Friday, February 02, 2007

Krauthammer: Blame in a War like This

Today is Friday, or as it is regarded in the SWNID household, Charles Krauthammer Day. The fog of world affairs lifts for readers of his exquisite, every-Friday column, especially with a column like today's.

SWNID warms to Krauthammer because his analysis drinks deep at the wells of history and understanding of human nature. Like those explicitly informed by the notion of human sinfulness, Dr. K considers both the noble capacity and deep weaknesses of human beings. He also stands sufficiently apart from the moment to consider how the past, displaying human potential and depravity, puts the present in perspective. In the present environment, that makes his opinions contrary to the mainstream, delighting our hard, cold, contrarian heart.

Krauthammer's subject today is, not surprisingly, the Iraq War and its assessment. Specifically he wonders why a successfully fought battle in Najaf is seen by so many as a sign of the failure of American policy. His reply deserves reading in full (reminder to gentle readers: anything linked on this blog is thus deserving). But we offer this most insightful of excerpts:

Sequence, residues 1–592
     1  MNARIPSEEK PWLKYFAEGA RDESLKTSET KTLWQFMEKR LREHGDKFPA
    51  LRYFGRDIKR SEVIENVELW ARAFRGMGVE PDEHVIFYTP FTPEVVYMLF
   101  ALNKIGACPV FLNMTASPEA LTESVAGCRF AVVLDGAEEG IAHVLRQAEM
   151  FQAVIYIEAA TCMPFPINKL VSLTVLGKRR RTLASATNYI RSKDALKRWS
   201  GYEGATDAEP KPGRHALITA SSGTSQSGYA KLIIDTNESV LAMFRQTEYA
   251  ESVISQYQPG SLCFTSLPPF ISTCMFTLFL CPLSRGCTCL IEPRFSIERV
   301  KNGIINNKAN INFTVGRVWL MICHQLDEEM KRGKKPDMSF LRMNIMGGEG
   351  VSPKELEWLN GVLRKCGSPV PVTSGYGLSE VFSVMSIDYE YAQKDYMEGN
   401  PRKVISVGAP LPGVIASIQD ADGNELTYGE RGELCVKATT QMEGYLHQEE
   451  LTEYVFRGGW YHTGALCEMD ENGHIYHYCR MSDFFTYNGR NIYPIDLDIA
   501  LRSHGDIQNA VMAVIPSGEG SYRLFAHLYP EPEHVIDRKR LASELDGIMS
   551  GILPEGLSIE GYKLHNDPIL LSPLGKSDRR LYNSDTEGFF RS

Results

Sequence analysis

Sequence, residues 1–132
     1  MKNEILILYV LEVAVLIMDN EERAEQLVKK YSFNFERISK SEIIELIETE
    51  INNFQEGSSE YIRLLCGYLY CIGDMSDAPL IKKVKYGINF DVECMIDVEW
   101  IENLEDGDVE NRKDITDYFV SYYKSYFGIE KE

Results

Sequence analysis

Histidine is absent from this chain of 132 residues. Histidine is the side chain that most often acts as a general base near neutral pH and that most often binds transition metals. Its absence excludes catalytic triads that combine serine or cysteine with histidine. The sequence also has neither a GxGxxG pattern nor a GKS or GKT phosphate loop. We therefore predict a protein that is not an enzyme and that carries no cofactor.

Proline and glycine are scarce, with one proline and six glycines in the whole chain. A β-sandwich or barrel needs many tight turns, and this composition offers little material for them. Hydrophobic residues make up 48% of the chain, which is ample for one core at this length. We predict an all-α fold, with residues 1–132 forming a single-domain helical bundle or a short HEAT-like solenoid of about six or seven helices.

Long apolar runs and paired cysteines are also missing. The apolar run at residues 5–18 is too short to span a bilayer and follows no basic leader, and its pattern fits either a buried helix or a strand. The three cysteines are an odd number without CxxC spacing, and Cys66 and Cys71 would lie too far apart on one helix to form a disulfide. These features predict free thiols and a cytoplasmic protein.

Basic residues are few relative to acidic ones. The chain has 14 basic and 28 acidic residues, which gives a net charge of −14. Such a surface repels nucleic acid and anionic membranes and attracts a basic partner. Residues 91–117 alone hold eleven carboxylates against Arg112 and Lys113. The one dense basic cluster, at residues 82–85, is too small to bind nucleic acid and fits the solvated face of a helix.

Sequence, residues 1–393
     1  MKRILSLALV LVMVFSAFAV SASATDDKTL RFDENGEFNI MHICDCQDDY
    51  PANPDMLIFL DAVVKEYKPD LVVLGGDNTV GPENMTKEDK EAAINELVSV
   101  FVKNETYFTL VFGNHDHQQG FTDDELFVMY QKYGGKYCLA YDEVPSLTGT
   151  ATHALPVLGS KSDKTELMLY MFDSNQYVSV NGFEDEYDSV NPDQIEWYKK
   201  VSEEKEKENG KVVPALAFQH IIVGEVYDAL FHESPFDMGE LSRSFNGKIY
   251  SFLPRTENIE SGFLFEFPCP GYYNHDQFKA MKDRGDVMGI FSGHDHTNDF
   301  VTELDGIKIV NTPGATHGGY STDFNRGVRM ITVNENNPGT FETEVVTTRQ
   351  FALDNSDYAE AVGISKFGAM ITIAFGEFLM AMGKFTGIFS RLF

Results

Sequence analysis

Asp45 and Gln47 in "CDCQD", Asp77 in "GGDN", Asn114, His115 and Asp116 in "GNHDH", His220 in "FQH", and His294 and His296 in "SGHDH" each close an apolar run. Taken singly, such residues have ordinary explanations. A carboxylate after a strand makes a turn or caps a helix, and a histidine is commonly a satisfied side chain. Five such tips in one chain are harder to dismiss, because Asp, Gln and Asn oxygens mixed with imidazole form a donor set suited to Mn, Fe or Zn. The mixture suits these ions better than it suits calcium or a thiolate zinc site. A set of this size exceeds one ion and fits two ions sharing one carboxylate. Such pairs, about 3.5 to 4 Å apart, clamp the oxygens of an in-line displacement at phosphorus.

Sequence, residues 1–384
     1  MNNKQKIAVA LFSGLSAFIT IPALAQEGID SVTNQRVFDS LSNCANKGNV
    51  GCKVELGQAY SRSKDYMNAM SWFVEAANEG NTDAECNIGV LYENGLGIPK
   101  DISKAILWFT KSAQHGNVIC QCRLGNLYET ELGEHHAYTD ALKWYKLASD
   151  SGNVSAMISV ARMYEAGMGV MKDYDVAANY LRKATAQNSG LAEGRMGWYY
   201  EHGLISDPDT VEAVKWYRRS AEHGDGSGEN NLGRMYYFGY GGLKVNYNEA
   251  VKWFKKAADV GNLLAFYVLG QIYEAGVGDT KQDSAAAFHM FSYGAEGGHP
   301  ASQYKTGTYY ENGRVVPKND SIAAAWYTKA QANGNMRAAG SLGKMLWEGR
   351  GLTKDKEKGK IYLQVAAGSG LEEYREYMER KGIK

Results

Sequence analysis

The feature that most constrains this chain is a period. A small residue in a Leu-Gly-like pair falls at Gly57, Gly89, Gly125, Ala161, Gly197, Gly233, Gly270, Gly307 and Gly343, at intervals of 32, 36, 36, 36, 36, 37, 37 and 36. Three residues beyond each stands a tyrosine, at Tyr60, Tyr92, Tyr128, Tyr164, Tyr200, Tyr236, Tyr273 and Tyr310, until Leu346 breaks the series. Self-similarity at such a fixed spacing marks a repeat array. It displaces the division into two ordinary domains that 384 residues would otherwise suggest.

Iraqis were given their freedom, and yet many have chosen civil war. Among all these religious prejudices, ancient wounds, social resentments and tribal antagonisms, who gets the blame for the rivers of blood? You can always count on some to find the blame in America. "We did not give them a republic," insists Newsweek's Fareed Zakaria. "We gave them a civil war."

Of all the accounts of the current situation, this is by far the most stupid. And the most pernicious. Did Britain "give" India the Hindu-Muslim war of 1947-48 that killed a million souls and ethnically cleansed 12 million more? The Jewish-Arab wars in Palestine? The tribal wars of post-colonial Uganda?

We gave them a civil war? Why? Because we failed to prevent it? Do the police in America have on their hands the blood of the 16,000 murders they failed to prevent last year?

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